The idea that skin colour shouldn’t determine a person’s ability to work, live, love or even exist appears to be a a concept so basic to be cliche. But it’s not basic, I wish it were but it’s not; what’s actually the base line is that white people’s stories and perspectives matter above all others. Vastly more important is that entire historical systems work tirelessly to keep this bias alive and functioning. Yes institutionalized racism is domestic policy in America, but being Muslim post 9/11 with the entirety of the American machine aiming for you is but one example that White Supremacy is as much Americans foreign policy too. These poisonous systems, brought to us not simply through British colonialism but its uglier sister casteism in South Asia means that chances are a lighter skinned person is treated preferentially over other in most places in the world for no better reason than the lack melanin in their skin.

Dismantling White Supremacy from the base code of world society is not an overnight task, and requires the kind of structural, cultural reset revolutions are made of. And it will not be painless, because people do not give up control of power willfully. It can be a daunting prospect, to rewrite the way we think, but And although it often seems the only thing most people are really doing is typing in all caps on Twitter, the world is collectively changing. The only way I know how to internalize that change is to find out the many, many ways in which white centrism is layered into my own reasoning. Given that I went to a post-colonial travesty of a school that prioritized British accents without any internal critique, and then to another which couldn’t see White history as different from world history, this is not going to be an easy task. It means undoing centuries of racial gaslighting and though it may not be our fault for being raised in an environment that allows that, it is our fault if we allow it to continue.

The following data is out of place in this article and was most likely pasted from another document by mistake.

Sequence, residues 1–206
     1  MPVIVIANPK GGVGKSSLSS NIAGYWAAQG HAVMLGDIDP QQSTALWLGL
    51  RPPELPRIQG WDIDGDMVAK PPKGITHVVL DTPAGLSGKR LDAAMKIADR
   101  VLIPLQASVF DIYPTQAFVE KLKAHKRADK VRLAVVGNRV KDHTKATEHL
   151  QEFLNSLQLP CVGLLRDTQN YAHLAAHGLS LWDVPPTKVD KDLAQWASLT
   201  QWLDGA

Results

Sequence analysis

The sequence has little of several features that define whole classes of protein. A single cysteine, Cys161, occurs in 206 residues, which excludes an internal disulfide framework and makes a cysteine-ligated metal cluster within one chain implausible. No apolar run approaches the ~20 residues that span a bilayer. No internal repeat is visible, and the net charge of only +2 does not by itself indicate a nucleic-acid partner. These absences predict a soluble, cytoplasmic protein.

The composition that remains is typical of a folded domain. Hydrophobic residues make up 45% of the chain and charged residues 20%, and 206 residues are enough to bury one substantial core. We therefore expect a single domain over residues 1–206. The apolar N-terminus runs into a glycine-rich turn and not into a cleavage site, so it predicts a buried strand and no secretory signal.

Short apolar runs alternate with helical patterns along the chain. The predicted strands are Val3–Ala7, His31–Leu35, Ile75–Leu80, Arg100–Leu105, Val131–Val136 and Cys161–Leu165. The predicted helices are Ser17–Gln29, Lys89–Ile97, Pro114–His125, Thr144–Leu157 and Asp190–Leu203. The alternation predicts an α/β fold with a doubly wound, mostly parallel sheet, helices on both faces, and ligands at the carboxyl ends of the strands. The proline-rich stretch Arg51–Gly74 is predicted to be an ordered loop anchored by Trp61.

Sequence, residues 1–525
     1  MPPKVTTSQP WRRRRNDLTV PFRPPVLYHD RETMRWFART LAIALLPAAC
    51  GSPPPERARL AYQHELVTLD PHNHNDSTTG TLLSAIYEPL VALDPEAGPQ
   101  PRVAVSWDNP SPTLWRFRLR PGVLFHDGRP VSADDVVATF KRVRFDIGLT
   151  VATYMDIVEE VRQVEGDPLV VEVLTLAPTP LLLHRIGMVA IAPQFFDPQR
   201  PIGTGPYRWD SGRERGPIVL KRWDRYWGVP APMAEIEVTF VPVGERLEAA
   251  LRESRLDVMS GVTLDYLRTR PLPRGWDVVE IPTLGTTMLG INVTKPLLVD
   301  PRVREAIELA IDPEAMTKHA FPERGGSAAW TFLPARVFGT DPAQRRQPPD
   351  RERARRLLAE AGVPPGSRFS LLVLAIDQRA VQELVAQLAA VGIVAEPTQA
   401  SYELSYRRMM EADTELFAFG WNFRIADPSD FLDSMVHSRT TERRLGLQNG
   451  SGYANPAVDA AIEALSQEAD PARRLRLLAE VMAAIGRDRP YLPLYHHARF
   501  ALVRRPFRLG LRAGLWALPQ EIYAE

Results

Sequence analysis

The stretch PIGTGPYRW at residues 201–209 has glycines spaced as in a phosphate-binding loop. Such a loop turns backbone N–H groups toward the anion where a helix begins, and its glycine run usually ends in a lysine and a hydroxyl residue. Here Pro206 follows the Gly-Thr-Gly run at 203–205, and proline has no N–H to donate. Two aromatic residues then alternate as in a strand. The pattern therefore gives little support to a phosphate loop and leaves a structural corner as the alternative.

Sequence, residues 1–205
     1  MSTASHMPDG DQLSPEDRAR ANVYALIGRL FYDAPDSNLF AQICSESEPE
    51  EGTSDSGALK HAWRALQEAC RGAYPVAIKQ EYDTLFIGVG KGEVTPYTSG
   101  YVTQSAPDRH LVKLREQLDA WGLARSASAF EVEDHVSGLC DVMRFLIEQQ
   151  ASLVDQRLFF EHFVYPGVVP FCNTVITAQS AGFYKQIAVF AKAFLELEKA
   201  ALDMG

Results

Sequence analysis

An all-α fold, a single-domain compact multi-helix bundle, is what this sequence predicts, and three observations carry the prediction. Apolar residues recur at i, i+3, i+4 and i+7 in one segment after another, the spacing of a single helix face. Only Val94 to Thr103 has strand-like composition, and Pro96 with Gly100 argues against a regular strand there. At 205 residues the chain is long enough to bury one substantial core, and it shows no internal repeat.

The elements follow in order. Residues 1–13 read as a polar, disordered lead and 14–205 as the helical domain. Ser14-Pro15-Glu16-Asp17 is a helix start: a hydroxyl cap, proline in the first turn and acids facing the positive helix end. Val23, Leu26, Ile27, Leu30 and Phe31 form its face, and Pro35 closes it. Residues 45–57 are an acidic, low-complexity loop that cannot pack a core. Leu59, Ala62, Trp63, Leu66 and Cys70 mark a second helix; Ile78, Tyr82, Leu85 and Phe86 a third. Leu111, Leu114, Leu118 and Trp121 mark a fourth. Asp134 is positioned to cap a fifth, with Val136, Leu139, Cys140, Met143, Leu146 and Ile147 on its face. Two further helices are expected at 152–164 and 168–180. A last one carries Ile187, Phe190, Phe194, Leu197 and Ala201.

When speaking to this with a friend recently they accused me of being anti-white, which I was quite disturbed by until I realized that for them being pro-Black or pro-people of colour meant being anti-white because for so long pro-white meant anti-black.

I was reminded of this as I walked outside my door the other day and saw my white neighbour crouched by the mailroom scratching something off the laminated list of residents. As I reached to open my mailbox, I noticed she was scratching out her middle name Karen from the roster, no doubt because it has become slang for entitled white women. Seeing her remove her name made me feel a twinge of sadness that she would think her very name is “wrong” or shameful somehow, until I remembered how many times white people refused to pronounce or made fun of my foreign-sounding name for no other reason than they couldn’t be bothered to learn it. That they are losing their privilege to walk through the world as if only they own it is, I admit, a relief. It’s a lesson most of the rest of us internalize as children of six, maybe seven.

Write to thekantawala@gmail.com